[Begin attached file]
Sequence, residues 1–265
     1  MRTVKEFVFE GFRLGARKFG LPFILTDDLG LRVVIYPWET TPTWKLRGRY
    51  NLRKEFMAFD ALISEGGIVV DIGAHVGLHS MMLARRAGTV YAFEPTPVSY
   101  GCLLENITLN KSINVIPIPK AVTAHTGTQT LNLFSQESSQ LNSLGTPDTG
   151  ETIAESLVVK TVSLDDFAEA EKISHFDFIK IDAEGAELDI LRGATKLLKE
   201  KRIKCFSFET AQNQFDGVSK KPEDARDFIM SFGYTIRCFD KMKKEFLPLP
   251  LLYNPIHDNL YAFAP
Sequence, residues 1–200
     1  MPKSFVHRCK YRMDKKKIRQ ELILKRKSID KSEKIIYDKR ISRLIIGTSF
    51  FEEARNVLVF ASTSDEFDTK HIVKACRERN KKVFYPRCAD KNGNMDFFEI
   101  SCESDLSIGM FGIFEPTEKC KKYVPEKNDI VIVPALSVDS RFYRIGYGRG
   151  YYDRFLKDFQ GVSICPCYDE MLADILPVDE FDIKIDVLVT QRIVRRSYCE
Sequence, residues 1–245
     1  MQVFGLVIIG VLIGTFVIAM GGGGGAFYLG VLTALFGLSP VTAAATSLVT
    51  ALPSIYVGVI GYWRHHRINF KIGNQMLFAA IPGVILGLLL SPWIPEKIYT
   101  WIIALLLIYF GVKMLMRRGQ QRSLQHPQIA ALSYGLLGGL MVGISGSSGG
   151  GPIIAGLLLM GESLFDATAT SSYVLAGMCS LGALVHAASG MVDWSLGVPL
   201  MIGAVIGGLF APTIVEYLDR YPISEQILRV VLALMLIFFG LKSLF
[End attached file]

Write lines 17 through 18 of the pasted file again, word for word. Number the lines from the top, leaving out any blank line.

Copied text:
   151  GPIIAGLLLM GESLFDATAT SSYVLAGMCS LGALVHAASG MVDWSLGVPL
   201  MIGAVIGGLF APTIVEYLDR YPISEQILRV VLALMLIFFG LKSLF